On the objectivity of Morality and Beauty

Free thoughts and speculations on Truth, Art and Bees.

A beautiful flower.

Sometime before Christmas, a friend pointed me to a great conversation between Sam Harris and Quantum Computation maven David Deutsch. Their discussion revolves on the ideas presented in the physicist’s book “The beginning of infinity”, seamlessly touching on science, knowledge, progress, the relation between humanity and the universe, and the objectivity of morality and beauty.

Yes, that’s right, the objectivity of morality and beauty. That’s why I had to read “The beginning of infinity”.

The book is composed in equal parts of insight and intelligent speculation. And who doesn’t love insight and intelligent speculation? Here’s my highlights of the book, diving directly into the controversial bits!

Reality, Truth, Objectivity

Deutsch defines something to be objective if it figures in our best explanations of the world. This way, objectivity doesn’t directly refer to the reality out there anymore. That’s because there’s no way to access that reality in its raw form – no such thing as knowledge from raw sensory experience: all knowledge is theory-laden.

All we have is our theories. However, our theories can and do sometimes contain elements of truth, reflecting the properties of the reality out there. The tools we have to make sure that the content of truths of our theories grows are conjecture and criticism. That is, we improve our theories by conjecturing competing explanations and we criticize them against some criteria. The criteria are theory-laden and are themselves subject to change, again through conjecture and criticism .

In physics, for example, we can consider a conjectured theory as an improvement in respect to the others if it better meets the criteria of explaining the available data, do so simply, and of producing testable predictions. These criteria weren’t born with physics itself, but emerged after centuries of discussion and criticism – and are not presently devoid of controversy either.

The power of conjecture and criticism – the power of reason itself – can be applied to more than just science. Philosophical theories that can be criticized against factual knowledge are also fair play. Take Morality and Aesthetics, for example.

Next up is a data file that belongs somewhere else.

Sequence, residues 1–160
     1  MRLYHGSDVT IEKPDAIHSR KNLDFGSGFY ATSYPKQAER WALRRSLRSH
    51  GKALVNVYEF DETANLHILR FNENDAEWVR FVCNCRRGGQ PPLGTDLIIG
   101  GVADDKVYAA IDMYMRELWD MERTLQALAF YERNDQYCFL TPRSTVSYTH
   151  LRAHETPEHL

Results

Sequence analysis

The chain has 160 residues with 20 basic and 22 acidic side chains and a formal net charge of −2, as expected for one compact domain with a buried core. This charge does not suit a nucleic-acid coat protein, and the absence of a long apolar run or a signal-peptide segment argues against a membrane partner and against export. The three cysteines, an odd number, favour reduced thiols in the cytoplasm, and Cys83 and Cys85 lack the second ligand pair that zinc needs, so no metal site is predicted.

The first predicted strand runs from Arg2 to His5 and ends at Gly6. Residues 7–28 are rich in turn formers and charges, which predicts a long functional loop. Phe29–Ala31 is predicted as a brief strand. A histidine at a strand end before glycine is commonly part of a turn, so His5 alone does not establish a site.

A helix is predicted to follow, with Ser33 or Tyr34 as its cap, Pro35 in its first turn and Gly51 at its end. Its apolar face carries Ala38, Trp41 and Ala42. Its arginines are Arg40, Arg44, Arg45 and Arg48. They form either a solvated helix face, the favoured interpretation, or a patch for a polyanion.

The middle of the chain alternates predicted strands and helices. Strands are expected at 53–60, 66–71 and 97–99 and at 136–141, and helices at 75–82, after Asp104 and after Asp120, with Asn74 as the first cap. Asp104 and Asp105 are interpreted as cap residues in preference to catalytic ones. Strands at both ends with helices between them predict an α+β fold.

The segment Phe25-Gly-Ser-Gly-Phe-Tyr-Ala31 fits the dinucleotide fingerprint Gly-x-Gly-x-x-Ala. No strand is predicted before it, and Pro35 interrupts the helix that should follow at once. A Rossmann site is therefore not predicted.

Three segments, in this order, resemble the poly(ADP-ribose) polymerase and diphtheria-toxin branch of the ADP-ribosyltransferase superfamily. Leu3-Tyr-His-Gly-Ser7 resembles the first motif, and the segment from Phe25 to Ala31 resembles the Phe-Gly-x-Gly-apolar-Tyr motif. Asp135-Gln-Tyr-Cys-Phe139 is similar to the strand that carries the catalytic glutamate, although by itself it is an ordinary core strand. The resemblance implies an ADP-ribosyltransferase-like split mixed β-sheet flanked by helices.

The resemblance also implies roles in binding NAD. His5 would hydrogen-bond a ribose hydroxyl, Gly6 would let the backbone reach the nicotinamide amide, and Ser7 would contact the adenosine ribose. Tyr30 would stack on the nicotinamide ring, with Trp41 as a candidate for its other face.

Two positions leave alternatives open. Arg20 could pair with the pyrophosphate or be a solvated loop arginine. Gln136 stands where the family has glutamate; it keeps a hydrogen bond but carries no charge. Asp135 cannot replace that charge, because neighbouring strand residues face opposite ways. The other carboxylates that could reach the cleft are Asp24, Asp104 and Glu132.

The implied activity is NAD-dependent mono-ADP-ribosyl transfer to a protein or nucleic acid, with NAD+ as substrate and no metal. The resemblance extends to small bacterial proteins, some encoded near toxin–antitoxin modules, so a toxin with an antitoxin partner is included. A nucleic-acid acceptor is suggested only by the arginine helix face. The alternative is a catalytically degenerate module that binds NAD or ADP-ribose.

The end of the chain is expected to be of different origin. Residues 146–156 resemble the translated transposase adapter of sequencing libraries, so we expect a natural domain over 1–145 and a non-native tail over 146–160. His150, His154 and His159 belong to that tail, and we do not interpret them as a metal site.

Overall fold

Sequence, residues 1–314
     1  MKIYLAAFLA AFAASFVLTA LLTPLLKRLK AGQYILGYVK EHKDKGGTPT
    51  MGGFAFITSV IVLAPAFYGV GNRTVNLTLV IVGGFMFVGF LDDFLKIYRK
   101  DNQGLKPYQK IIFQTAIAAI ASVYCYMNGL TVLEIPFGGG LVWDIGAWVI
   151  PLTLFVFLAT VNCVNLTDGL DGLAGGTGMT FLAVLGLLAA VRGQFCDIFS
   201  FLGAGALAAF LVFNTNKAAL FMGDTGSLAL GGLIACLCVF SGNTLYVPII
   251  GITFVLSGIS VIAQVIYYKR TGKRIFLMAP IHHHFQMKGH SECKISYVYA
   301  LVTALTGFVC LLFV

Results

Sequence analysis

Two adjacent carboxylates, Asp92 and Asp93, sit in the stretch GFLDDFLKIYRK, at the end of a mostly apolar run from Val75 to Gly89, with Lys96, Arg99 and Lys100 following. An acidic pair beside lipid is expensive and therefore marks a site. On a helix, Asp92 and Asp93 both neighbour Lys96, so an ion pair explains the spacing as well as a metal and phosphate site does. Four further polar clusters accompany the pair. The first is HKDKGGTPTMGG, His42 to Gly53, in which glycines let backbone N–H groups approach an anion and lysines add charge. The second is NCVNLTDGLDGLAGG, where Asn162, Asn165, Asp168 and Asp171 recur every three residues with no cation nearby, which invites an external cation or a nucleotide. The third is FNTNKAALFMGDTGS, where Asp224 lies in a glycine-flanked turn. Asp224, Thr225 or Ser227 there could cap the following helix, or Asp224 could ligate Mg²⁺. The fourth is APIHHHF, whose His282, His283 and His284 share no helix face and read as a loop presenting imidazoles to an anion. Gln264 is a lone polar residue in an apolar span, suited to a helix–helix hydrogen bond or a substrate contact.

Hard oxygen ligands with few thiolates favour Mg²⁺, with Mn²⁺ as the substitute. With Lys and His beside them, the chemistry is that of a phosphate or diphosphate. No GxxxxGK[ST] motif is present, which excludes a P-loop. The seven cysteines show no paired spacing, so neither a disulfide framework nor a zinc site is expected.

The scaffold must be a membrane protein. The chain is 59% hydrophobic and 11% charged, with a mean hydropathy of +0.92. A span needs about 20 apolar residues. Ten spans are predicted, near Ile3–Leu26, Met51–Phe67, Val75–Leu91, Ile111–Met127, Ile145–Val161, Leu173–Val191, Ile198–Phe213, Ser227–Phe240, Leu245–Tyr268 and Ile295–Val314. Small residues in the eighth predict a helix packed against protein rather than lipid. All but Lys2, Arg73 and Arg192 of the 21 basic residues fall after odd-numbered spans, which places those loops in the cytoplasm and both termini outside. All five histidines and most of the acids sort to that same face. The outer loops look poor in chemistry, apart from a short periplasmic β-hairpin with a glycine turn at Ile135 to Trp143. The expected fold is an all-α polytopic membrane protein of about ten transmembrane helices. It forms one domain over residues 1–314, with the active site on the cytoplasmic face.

Reason and Morality

Deutsch defines moral philosophy as tackling the problem of “what to do next”, that is to decide between a wide spectrum of options by reasoning about which options are better and which are worse. The Moral relativism point of view on the question is that there’s no real “better” or “worse”: these judgments only exist inside the arbitrary standards of culture.

Here’s where the factual knowledge in Deutsch’s claim makes its entrance. Moral theories do not just appear out of thin cultural air. They are connected with the physical world through the explanations we create to support them.

As an example, a person could consider gay adoption wrong because they think that homosexuality is a severe mental illness and, as a consequence of being raised by mentally ill parents, the child would suffer harm.

This moral theory can be pitted against physical reality. In fact, we observe plenty of adoptions by gay couples in which the child develops normally. At the same time, current science excludes the possibility that homosexuality is a severe mental illness, through its own reality-anchored cycle of conjecture and criticism. The explanation which underlies the moral theory is at odds with reality: we need a better moral theory. Luckily, we can create one through reality-anchored conjecture and criticism.